Zimbabwe bans BBC from cricket tour

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The Independent Online

The Zimbabwe government banned the BBC from covering England's controversial cricket tour of the country yesterday.

The Zimbabwe government banned the BBC from covering England's controversial cricket tour of the country yesterday.

The BBC is one of several British media organisations whose applications for accreditation did not receive clearance from the Department of Information in Harare.

England's 14-man squad travels to Zimbabwe today from Namibia, where they have just completed two warm-up matches against the national side. Although contentious, the ban on the BBC is unlikely to cause the tour to be cancelled.

This unprecedented move will come as a serious setback to the England and Wales Cricket Board (ECB), the International Cricket Council and Zimbabwe Cricket, which have been trying to ensure that England's five one-day internationals in Harare and Bulawayo pass without incident.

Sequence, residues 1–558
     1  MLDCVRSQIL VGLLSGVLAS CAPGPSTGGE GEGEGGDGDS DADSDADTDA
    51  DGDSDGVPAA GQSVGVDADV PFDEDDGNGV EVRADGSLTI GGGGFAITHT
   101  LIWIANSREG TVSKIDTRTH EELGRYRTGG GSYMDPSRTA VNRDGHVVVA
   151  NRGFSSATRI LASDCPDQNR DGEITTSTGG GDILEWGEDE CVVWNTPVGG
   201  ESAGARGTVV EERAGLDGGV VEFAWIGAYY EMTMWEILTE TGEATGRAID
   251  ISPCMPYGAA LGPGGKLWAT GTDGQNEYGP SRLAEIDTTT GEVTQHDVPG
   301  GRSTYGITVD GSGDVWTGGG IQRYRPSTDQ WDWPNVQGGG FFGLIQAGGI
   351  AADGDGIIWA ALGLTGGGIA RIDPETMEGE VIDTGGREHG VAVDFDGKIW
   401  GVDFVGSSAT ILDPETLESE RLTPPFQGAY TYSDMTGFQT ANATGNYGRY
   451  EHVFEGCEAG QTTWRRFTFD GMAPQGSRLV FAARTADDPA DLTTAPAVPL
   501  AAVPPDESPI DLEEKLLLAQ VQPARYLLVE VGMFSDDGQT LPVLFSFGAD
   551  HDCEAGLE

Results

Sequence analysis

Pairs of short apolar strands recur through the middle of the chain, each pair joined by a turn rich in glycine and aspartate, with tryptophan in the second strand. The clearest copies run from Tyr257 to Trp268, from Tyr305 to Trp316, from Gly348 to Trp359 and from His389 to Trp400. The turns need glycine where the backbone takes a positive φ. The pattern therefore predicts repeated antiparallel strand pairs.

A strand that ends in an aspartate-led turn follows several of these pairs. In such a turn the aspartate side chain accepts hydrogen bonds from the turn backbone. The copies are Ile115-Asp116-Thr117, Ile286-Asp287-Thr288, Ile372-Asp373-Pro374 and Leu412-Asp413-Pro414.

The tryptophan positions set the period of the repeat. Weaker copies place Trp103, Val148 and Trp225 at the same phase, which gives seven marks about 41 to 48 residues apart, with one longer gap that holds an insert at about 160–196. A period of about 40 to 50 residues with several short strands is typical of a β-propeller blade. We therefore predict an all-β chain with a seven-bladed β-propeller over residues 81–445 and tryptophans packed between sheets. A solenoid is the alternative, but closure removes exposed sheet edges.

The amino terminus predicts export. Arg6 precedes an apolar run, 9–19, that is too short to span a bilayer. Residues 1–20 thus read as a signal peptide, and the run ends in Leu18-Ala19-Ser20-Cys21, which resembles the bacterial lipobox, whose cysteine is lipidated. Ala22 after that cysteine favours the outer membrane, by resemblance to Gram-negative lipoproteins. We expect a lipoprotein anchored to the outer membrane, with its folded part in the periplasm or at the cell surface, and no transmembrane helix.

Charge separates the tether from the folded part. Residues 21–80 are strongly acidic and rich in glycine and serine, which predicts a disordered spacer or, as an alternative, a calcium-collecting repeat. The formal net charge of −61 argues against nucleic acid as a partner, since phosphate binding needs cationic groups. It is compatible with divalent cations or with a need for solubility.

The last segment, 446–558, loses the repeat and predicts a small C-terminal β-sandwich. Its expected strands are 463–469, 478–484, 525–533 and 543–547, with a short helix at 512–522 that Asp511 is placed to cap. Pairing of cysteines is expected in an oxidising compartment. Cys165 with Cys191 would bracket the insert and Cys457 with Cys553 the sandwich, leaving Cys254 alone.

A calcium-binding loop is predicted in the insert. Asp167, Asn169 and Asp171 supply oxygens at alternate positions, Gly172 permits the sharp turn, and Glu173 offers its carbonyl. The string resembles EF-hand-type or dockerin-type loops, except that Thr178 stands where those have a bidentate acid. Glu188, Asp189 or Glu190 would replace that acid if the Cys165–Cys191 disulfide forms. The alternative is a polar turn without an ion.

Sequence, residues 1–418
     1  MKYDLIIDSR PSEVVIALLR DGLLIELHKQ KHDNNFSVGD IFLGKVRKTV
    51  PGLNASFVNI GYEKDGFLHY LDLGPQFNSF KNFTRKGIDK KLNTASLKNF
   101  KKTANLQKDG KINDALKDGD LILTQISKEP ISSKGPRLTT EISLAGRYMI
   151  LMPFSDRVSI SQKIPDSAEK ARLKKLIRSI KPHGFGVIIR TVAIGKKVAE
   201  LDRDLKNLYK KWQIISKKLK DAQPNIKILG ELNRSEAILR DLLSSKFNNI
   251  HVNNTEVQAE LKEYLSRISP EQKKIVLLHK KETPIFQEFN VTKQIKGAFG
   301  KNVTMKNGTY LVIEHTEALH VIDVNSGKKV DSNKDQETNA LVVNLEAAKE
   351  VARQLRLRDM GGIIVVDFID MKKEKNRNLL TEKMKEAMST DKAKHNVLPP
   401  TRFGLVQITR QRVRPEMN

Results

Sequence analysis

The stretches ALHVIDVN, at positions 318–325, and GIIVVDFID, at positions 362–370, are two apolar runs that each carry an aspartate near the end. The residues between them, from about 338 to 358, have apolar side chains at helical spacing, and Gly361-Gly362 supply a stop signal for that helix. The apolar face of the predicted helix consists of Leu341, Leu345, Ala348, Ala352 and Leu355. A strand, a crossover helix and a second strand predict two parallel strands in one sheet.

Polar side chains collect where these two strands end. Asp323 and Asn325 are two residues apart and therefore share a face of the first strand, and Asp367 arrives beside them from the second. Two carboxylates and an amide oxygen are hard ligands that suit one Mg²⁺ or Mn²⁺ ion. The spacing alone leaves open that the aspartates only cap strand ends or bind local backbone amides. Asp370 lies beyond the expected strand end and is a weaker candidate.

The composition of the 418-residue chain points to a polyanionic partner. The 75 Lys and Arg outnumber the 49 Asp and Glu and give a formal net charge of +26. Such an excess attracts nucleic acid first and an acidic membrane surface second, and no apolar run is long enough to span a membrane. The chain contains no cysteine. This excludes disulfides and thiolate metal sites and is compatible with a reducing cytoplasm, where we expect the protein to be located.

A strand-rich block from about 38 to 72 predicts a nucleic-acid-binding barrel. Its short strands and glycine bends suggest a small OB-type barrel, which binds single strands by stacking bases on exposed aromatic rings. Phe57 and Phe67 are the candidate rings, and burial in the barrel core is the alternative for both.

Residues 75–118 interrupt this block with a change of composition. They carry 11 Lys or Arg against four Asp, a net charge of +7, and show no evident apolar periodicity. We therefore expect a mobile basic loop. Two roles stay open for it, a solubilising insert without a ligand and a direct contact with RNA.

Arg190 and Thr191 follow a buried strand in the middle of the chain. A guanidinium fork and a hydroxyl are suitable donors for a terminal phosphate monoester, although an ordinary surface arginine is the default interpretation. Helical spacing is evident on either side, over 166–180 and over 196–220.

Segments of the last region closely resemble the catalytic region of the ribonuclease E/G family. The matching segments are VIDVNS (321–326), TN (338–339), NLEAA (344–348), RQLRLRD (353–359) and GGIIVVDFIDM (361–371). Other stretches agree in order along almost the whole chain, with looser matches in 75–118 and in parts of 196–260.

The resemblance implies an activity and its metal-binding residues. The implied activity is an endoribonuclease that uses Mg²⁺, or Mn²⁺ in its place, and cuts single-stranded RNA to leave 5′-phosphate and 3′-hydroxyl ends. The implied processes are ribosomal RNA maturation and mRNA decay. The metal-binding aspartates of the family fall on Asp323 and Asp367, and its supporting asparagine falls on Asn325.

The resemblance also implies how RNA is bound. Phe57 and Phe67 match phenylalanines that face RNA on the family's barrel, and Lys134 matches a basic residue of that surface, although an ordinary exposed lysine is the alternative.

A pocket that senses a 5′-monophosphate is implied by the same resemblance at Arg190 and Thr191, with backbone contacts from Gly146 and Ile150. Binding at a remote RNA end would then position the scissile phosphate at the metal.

"I think it is totally wrong, and I am flabbergasted by the decision," said Michael Vaughan, the England captain.

"Whether you like the media or not they have a huge role to play in the game and the exposure they give, along with television and radio rights, brings in 60 per cent of the game's income.

"There is something very, very wrong if our media cannot get in and cover a tour. I don't know how a cricket tour can be called a cricket tour when our media are not involved in it.

"I wouldn't pull out because of it but I am now in direct contact with Richard Bevan, our PCA [Professional Cricketers Association] rep, asking for advice."

Mr Bevan, chief executive of the PCA, will meet and brief Vaughan and his party in Johannesburg this afternoon as they travel to Zimbabwe. David Morgan, the chairman of the ECB, and Mike Soper, who chairs one of the ECB's most powerful committees will join the squad when they arrive in Harare.

"I am very disappointed," said Mr Morgan. "When I arrive in Zimbabwe I will speak to Peter Chingoka [the president of Zimbabwe Cricket] and attempt to have the decision reversed. But I do not think this is something that will call the tour into question.

"As far as I am concerned the five matches will be played and the tour will go ahead."

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